Menopause is a normal biological process, often referred to as “change of life” for women when there are no longer any eggs left in their ovaries.
This “burning out” of the ovaries reflects a natural course of events and is often characterized by hot flashes, vaginal dryness, night sweats, headaches, mood swings, and fatigue. With menopause, the absence of active follicles results in a significant drop-off in estrogen and progesterone levels. Menopause is often treated like a disease by American physicians, and though it is certainly not a disease, it can signal a woman’s increased risk for diseases, including osteopenia, osteoporosis, coronary-artery disease, Alzheimer’s, or even cancer.
Never before has the American public been so bewildered and confused over the terms menopause and estrogen. The medical world will never be the same after the news broke on July 9, 2002 that a long-term study has shown that estrogen (Premarin) and the combination of estrogen and progestin (Prempro) might pose a significant health risk to women who take them to prevent menopausal-like symptoms. This study was indeed a revelation and reinforced what qualified alternative health-care practitioners have been saying for years—that not all women automatically need hormone-replacement therapy (HRT) when they turn menopausal age, and most women do not need to assume the increased risk of taking HRT.
So what’s a woman to do? With the widely reported risks of conventional therapies for hot flashes, many women are exploring as an alternative the use of botanical medicines and dietary supplements. They hear about the risks of synthetic estrogens, but their OB-GYNs insist that the advantages outweigh the risks. They read about the benefits and safety of phytoestrogens, but they aren’t sure what they are, if they are safe, and how they work. They are apprehensive about the ravages of osteoporosis, or weakened bones, and yet they are convinced they don’t want “chemicals” in their bodies. And they worry about their sex appeal and loss of libido. Does menopause mean the end of female sexuality?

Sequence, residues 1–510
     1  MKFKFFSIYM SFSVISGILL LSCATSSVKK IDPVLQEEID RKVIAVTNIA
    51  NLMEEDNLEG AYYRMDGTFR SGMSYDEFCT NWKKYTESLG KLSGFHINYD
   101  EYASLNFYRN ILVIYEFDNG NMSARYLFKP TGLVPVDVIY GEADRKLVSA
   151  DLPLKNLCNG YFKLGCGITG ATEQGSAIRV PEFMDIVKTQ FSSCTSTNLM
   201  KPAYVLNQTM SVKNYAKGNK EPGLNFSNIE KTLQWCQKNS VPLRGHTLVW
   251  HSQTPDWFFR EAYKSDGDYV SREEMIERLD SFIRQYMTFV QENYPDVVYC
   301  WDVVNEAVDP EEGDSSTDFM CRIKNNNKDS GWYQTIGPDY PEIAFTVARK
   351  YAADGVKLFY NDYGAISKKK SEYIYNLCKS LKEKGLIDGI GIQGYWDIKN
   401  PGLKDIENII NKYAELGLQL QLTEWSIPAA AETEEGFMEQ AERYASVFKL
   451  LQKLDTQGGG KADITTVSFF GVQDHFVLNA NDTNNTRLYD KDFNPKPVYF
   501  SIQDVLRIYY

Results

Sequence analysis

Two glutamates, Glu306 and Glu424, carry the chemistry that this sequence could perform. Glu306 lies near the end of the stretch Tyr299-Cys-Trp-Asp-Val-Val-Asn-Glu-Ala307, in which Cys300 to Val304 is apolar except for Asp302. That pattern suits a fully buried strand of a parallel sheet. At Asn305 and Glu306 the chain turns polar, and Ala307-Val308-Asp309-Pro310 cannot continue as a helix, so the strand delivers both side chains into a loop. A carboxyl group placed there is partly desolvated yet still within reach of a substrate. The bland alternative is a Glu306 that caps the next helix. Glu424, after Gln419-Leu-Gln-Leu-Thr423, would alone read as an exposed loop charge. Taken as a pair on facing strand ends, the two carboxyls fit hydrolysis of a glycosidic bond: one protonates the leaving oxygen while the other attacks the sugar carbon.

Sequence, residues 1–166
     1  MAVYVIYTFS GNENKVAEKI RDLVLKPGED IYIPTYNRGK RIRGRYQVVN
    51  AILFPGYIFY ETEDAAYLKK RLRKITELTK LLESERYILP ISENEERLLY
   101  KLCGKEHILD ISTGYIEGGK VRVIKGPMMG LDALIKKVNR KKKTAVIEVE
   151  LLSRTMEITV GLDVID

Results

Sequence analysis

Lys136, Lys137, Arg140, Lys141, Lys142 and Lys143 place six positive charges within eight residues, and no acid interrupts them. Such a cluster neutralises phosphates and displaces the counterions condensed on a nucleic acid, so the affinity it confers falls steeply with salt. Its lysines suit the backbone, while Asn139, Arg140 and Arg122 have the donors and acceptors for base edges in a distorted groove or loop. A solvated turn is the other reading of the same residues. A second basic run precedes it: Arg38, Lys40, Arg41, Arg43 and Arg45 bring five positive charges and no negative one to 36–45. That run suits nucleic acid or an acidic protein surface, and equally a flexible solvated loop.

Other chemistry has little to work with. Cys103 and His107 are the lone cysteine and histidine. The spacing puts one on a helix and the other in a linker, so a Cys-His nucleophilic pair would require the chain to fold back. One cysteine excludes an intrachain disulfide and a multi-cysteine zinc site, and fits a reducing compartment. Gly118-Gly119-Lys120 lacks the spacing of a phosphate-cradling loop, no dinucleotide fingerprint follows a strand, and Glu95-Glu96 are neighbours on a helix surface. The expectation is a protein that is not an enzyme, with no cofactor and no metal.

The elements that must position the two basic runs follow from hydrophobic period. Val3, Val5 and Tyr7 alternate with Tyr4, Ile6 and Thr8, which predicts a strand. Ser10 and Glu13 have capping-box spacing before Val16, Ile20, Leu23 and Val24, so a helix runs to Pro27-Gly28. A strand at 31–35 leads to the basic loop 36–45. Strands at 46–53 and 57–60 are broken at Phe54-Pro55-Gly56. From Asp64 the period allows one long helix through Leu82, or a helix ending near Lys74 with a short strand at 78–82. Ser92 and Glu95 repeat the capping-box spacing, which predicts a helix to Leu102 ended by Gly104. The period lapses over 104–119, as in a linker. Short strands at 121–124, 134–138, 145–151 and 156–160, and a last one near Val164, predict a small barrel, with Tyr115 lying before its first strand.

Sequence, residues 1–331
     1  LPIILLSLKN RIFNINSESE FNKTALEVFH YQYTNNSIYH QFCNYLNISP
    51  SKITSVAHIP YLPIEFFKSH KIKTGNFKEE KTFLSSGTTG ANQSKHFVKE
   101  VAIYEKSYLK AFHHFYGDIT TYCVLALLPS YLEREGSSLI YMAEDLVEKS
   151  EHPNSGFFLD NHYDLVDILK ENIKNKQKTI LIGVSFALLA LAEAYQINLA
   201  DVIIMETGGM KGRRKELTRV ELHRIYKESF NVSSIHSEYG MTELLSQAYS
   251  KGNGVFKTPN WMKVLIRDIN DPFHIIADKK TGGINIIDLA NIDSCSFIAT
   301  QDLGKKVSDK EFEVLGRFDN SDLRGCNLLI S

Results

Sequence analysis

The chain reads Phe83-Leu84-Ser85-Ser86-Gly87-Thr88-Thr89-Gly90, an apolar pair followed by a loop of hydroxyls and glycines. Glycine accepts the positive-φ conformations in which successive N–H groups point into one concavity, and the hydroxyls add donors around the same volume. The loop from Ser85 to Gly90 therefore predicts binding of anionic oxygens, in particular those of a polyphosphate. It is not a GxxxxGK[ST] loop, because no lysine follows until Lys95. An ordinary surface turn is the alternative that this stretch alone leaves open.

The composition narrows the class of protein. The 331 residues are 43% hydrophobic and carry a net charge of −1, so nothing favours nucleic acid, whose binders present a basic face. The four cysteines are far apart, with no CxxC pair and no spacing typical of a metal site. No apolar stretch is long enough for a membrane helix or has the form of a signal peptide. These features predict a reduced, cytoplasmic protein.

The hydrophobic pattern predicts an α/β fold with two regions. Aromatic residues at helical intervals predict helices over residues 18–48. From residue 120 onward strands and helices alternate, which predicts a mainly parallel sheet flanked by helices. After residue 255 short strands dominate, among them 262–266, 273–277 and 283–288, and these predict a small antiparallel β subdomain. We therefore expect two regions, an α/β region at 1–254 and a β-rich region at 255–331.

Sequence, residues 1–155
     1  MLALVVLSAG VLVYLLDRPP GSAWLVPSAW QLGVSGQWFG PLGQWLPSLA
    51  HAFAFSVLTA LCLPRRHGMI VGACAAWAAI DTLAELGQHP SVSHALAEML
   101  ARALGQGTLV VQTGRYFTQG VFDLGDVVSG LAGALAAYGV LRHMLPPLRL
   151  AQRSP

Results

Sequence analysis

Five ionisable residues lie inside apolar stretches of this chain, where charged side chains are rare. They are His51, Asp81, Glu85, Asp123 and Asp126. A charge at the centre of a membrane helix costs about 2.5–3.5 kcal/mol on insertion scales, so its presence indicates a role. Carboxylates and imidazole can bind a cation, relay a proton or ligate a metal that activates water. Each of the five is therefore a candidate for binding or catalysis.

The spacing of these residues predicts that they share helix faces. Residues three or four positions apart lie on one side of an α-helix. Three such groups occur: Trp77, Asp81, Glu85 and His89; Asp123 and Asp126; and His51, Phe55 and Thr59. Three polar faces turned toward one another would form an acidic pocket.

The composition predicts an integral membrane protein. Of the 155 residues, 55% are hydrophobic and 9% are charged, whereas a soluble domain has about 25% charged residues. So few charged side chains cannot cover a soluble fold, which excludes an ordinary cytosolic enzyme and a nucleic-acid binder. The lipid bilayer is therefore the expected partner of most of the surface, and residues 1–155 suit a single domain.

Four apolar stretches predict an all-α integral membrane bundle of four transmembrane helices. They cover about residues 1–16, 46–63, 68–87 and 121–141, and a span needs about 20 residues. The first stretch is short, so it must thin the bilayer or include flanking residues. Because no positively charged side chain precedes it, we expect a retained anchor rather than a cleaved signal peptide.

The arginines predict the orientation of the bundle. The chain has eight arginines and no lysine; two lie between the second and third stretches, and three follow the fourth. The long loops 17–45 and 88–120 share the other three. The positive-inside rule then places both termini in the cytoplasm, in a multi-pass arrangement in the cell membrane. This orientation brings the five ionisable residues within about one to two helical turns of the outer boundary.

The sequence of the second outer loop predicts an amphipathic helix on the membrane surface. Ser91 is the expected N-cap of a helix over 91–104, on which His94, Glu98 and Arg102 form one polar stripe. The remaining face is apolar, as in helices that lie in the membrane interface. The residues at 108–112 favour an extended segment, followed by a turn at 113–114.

When considering HRT, it is important for women to ask questions and seek professional counseling. They should explore the pros and the cons, the facts and the fiction, the natural and the synthetic approaches. They should obtain information from a doctor, an OB-GYN, a pharmacist, a naturopath, a nurse, a magazine, a book, and from whatever other sources are available to them. Ultimately, women must decide for themselves what is best for their bodies. But before deciding, they should get educated and garner as much information as possible.
The most common complaints and symptoms summarized in a menopausal index include hot flashes, sweating, sleep disturbances, night sweats, nervousness, depression, fatigue, vertigo, arthritis symptoms, low libido, and vaginal dryness.